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Largest Privatization Deal in U.S. History Proposed for Pennsylvania Turnpike
Nathan Newman on May 22, 2008 - 8:52am
In the largest privatization deal ever proposed in the United States, a consortium led by Spanish company Abertis Infraestructuras offered $12.8 billion to lease operation of the Pennsylvania Turnpike for 75 years. The deal would allow the company to immediately hike tolls 25 percent and then increase tolls each year thereafter up to the rate of inflation.
Gov. Rendell is promoting the deal, despite the state legislature's rejection of previous privatization plans and despite polls that show fifty-eight percent of Pennsylvanians oppose leasing the toll highway. Many legislators and the Pennsylvania Turnpike Commission itself have proposed that the state would do better financially to keep the Turnpike in its own control and raise tolls itself, including on I-80, which runs parallel to and is the Turnpike's main competitor (although this would require federal approval).
The proposed Abertis deal is just one of a spate of large-scale transit privatization proposals promoted just in the last few weeks:
The Nevada Department of Transportation last Thursday voted to back a proposed demonstration project and new legislation that would allow a private company to operate two lanes of its I-15 highway as a toll lane.
Texas Gov. Rick Perry continues to promote his proposals for large-scale private toll roads across Texas, despite the legislature passing a moratorium (watered down during negotiations with the Governor) during last year's legislative session.
Dangers of Privatization: Progressive States Network last year highlighted the financial and social costs of such privatizations in Ripoff Privatizations -- And Why They Keep Happening, while state groups like PennPIRG have specifically highlighted the dangers of Turnpike privatization. Its parent group, U.S. PIRG, also published a key report last year highlighting the chronic problems of road privatization, including loss of public control over key social policies, the public getting ripped off in deals negotiated over excessively long contracts, the lack of transparency in most deals, and the selling of privatization based on short-term payoffs and budget gimmicks, despite long-term losses to state budgets.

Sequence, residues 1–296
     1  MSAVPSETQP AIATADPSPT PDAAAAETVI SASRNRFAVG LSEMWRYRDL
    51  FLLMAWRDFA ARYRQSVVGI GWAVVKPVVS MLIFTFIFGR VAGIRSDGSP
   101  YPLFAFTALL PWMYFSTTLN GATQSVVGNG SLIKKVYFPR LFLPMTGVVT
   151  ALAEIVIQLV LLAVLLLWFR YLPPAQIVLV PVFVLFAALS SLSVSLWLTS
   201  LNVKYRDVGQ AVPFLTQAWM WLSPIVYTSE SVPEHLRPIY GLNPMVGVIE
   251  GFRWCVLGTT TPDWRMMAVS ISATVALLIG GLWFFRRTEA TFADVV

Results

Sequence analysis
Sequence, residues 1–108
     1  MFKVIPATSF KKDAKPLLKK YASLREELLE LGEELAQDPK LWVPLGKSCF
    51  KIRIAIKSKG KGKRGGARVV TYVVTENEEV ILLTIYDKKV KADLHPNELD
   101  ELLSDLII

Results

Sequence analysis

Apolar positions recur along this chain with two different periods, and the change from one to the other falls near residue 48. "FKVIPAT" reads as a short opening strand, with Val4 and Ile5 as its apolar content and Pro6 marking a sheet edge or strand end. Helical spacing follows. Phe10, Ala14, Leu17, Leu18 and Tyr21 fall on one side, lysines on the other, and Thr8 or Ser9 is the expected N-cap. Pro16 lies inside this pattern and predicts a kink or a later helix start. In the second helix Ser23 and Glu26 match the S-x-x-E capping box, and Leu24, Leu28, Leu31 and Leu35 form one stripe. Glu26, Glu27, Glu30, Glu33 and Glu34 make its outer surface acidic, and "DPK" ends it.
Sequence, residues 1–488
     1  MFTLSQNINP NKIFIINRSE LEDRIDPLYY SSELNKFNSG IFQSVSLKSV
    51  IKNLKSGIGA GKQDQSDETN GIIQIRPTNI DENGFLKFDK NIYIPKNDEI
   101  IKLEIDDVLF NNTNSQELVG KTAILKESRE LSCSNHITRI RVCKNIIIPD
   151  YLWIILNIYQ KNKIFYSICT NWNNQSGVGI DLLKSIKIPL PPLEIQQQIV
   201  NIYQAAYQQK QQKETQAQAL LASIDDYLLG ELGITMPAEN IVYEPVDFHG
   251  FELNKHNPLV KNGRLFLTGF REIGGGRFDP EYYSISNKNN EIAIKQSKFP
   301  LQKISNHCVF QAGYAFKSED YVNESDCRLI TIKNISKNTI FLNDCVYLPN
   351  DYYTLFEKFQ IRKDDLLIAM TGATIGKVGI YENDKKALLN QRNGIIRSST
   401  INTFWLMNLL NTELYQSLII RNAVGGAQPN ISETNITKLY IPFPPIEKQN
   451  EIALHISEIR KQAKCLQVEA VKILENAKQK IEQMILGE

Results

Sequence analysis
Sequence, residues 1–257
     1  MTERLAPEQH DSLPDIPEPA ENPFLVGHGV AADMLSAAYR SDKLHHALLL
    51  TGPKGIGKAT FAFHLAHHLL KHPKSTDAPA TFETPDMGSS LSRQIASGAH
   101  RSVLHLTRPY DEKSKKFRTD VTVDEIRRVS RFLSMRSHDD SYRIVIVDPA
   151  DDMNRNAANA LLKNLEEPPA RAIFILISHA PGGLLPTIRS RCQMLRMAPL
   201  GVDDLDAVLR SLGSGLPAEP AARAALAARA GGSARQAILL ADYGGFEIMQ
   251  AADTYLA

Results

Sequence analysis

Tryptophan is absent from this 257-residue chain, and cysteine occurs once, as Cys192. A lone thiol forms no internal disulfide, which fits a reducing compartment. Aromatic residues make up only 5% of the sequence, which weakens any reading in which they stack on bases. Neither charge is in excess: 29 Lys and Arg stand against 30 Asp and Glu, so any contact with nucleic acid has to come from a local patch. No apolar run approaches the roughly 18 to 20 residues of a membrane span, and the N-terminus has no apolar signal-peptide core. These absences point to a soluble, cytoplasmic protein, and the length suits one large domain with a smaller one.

Given legislative and public opposition to most privatizations, the Pennsylvania Turnpike and other proposed deals are hardly a sure thing, but giant global financial firms are now circling states looking for a financial score. Globally, $53 billion in privatization deals worldwide have been announced this year, triple the $13 billion in the comparable period last year. Privatizing public assets are the new gold rush for Wall Street firms -- and legislators should be justifiably skeptical that the public will benefit financially in negotiations with such firms.
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